Using the rule-out approach for the hospital charge endpoint (Online Figure 3), we estimated that for an unmeasured confounder to fully explain our estimates in increased charges seen in the IVCF group, the confounder had to have a 3 times higher association with the IVCF than the no-IVCF group and would itself have to result in an 8-fold charge increase. The rule-out approach for the length-of-stay endpoint (Online Figure 4) revealed that for an unmeasured confounder to fully explain our estimates in longer lengths of stay in the IVCF group, the confounder had to have a 2 times higher association with the IVCF than the no-IVCF group and would by itself have to result in a 3-fold length-of-stay increase.
This is the first nationwide observational study to evaluate contemporary trends and comparative outcomes of adjunctive IVCF placement in patients undergoing CDT for treatment of proximal or caval DVT. The major findings of our study are as follows: 1) although the use of CDT for treatment of proximal and caval DVT continues to increase in the United States, the use of adjunctive IVCF placement has remained steady at about 30%; 2) IVCF use was not associated with any in-hospital mortality benefit; and 3) there was an increased incidence of hematoma formation and resource use in patients undergoing IVCF placement.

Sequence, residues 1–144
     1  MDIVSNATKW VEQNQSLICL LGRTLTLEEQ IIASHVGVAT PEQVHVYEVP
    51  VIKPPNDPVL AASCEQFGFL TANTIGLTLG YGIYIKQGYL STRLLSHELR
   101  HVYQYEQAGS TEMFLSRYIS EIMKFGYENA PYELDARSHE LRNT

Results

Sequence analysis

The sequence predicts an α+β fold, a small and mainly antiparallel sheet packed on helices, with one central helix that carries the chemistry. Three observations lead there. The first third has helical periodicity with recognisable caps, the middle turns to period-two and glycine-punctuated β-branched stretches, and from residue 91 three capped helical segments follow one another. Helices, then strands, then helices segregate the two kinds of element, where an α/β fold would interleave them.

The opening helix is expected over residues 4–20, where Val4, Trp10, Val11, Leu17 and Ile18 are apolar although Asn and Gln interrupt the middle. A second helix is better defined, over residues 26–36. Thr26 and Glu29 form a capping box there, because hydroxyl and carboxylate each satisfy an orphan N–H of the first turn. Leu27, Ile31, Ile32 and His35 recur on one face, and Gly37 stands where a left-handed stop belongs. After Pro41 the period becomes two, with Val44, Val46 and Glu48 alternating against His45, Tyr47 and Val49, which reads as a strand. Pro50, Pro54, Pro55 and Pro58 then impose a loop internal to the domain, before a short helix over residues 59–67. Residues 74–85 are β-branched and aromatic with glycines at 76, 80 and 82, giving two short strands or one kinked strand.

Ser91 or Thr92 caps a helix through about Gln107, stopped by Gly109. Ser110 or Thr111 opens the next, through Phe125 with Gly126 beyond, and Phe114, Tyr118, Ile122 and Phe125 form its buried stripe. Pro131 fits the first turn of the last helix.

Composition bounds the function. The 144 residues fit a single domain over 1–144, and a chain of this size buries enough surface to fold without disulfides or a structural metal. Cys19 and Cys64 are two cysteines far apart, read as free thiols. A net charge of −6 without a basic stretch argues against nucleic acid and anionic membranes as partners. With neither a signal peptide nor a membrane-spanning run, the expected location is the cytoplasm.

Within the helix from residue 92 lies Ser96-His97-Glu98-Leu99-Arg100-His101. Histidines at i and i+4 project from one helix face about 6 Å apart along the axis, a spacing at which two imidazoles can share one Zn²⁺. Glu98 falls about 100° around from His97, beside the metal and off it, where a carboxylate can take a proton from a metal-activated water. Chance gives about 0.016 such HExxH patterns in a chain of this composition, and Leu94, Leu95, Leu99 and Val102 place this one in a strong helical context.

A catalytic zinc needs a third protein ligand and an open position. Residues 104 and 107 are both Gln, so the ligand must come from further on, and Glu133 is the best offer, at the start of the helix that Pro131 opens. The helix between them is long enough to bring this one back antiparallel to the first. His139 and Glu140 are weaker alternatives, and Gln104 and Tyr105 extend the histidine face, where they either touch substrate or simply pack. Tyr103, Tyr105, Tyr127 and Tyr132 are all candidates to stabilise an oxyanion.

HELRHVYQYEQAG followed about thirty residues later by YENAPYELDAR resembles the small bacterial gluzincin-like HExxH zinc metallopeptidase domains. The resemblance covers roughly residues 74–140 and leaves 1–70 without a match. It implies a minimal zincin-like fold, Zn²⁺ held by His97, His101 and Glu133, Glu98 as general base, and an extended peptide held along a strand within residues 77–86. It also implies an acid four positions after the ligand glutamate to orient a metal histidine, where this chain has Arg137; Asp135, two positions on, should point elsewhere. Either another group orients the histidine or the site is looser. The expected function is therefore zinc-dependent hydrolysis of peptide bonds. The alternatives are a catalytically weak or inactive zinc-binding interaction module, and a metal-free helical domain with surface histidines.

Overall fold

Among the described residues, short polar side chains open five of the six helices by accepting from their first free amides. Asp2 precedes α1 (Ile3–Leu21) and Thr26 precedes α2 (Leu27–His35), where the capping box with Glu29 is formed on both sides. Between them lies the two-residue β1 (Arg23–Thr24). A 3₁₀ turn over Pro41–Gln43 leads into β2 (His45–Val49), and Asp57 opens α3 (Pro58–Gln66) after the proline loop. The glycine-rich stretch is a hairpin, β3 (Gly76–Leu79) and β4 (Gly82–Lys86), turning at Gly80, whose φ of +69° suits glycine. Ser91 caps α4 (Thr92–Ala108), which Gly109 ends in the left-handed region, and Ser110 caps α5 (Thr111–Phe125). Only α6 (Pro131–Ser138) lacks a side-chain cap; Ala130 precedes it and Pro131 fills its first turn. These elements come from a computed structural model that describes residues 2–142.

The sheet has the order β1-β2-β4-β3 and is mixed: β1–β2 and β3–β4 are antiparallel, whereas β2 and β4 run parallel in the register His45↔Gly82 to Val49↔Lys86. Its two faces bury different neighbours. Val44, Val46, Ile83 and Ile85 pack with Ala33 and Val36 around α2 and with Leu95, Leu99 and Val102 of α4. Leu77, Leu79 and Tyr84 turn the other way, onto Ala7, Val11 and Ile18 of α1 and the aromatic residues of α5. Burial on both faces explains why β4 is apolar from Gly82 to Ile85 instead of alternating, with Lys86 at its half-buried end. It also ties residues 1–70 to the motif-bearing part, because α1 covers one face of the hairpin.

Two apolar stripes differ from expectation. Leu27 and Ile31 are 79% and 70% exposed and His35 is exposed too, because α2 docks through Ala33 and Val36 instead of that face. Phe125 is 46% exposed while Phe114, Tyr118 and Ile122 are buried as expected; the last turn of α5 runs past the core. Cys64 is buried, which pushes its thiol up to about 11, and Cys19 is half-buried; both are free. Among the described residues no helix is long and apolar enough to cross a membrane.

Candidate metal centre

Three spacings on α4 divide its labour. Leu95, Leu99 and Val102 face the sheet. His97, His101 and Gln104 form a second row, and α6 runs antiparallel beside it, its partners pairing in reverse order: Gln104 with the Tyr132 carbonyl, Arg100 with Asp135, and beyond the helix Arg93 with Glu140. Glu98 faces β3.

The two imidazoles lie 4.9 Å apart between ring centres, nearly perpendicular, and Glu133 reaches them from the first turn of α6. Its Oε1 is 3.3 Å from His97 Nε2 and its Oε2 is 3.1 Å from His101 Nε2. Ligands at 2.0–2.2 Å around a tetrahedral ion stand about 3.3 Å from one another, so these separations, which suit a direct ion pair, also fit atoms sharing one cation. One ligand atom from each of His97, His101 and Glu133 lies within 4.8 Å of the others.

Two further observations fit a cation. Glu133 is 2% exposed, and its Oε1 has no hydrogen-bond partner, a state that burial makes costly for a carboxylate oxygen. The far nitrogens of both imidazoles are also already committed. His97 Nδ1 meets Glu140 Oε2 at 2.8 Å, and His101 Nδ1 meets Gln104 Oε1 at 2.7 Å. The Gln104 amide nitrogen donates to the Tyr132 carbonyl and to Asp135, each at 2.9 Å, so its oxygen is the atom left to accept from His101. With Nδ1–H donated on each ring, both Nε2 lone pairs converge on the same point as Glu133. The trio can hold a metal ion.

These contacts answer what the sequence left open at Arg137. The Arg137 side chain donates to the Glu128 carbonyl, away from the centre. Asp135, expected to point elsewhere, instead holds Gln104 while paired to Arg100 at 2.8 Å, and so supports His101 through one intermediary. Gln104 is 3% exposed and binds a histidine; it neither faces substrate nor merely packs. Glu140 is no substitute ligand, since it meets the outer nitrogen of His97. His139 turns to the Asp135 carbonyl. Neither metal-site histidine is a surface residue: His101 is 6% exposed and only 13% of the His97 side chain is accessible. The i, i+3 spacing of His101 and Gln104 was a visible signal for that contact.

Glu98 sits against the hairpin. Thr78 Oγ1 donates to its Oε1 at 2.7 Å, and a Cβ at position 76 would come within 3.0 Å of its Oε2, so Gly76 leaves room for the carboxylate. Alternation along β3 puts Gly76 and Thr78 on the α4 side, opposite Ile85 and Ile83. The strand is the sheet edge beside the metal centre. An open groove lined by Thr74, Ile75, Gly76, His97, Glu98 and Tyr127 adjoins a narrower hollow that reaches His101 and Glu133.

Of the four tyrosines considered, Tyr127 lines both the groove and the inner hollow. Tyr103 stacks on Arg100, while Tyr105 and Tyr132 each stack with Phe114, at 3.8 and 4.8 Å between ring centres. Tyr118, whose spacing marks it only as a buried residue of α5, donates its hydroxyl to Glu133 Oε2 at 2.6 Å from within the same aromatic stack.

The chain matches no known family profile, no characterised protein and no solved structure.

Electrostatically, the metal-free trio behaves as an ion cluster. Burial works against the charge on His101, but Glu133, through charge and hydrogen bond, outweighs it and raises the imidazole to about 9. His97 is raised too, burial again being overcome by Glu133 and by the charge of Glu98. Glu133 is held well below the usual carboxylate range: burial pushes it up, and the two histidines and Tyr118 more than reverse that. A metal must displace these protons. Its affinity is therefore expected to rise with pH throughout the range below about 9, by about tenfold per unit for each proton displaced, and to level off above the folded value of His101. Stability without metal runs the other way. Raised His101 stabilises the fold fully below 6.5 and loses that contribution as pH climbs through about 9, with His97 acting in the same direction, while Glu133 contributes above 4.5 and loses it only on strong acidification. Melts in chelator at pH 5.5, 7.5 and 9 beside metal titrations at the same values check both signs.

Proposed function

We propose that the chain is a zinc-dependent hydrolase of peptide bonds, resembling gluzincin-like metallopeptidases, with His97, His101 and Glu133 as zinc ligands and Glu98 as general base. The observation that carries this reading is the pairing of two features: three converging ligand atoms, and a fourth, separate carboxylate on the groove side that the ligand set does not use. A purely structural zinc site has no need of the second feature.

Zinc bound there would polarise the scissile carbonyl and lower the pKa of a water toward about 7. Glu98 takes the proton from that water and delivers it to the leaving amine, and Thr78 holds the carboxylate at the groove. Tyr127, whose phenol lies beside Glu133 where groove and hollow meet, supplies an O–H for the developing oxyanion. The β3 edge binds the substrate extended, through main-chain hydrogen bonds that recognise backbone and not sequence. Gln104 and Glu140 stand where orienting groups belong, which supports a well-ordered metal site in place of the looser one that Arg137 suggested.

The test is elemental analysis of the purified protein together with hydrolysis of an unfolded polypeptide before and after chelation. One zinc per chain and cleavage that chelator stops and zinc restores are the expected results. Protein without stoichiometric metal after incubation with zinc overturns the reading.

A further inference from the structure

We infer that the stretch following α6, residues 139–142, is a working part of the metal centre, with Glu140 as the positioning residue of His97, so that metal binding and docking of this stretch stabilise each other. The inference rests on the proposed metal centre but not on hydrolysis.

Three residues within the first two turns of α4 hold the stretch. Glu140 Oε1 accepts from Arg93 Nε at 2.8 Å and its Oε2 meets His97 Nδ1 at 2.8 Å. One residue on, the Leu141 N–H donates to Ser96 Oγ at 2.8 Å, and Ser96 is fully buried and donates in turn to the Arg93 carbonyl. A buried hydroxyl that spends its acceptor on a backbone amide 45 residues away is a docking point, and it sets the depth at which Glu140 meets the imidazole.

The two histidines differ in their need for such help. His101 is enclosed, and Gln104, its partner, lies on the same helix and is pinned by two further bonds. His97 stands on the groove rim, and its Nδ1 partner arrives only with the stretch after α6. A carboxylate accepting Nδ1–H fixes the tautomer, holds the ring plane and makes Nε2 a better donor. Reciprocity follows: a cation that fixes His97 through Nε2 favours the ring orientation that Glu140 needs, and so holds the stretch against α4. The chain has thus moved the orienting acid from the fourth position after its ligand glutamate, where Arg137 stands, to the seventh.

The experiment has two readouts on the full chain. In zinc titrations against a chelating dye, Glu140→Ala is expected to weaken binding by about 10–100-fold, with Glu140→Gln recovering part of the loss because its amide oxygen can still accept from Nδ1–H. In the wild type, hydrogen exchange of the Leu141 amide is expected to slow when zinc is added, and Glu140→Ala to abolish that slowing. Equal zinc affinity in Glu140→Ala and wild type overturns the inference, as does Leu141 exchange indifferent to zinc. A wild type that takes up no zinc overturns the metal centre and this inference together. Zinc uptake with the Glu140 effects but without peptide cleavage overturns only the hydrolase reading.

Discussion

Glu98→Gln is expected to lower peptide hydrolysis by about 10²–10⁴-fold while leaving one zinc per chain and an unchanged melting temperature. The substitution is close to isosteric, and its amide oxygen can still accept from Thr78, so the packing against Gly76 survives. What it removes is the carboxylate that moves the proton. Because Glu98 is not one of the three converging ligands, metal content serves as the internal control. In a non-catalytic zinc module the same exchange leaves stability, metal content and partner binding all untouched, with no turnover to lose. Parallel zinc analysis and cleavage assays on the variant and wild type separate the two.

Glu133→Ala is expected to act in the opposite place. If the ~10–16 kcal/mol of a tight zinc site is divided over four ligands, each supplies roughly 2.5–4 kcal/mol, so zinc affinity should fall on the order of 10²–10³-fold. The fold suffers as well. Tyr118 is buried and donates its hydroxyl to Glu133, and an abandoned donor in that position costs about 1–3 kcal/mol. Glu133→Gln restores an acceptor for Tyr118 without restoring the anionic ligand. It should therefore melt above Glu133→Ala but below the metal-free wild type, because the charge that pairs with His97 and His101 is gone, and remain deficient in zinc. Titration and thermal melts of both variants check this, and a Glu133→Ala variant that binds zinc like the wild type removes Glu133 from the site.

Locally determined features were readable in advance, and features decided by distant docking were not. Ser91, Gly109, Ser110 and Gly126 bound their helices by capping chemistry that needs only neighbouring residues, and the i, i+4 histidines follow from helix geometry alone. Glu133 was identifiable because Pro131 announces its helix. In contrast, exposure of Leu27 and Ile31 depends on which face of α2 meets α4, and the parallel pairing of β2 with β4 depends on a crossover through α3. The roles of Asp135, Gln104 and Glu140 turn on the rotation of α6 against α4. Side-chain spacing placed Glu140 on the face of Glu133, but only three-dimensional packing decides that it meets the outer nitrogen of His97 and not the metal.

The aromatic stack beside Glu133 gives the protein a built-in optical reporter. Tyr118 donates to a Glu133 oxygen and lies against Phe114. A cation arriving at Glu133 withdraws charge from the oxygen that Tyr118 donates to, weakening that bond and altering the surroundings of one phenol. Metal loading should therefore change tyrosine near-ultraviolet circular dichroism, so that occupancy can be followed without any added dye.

The rate of CDT use in the treatment of proximal and caval DVT was previously reported to be 5.9% in 2010 in the United States (6). In the present study, we note a continued increase in CDT use up to 8% in 2013. A prior study that specifically evaluated patients with inferior vena caval thrombosis observed a 35% rate of CDT use (25). Given the recent publication of the ATTRACT trial (15), which showed similar overall rates of PTS and an increased incidence of major bleeding among patients with proximal DVT treated with CDT, the rate of CDT may be expected to decrease over the coming years.
Limited data exist on the effectiveness of IVCF use in patients undergoing CDT for the treatment of proximal DVT. Despite this, our study suggests that IVCFs are used in one-third of all patients undergoing CDT in the United States. Multiple small prior studies have reported successful entrapment of clots by IVCFs during and immediately after CDT (26–28). However, the clinical impact of clot embolization in these patients has not been well established (29). The majority of PE events were asymptomatic and did not lead to any long-term complications during the 3-year follow-up period.
We did not observe any in-hospital mortality benefit in patients treated with adjunctive IVCF placement. Sharifi et al. (19) previously showed that IVCF placement during percutaneous endovenous intervention reduced the risk for iatrogenic PE but did not confer a survival benefit. In contrast, Protack et al. (16) did not observe any PE or mortality events during treatment with CDT regardless of IVCF placement. Therefore, although IVCFs may be effective in capturing thrombus during CDT (27,28), the low frequency of symptomatic and hemodynamically significant PEs in this setting argues against routine IVCF placement before CDT (9,16,30).
Although we did not observe any significant differences in the rates of cerebrovascular or gastrointestinal bleeding, we did find an increased rate of procedure-related hematoma formation in the IVCF group compared with the no-IVCF group (3.4% vs. 2.1%). We believe that the higher incidence of procedure-related hematoma formation in the IVCF group is due to the concomitant use of thrombolytic agents plus an additional venous access site for IVCF implantation.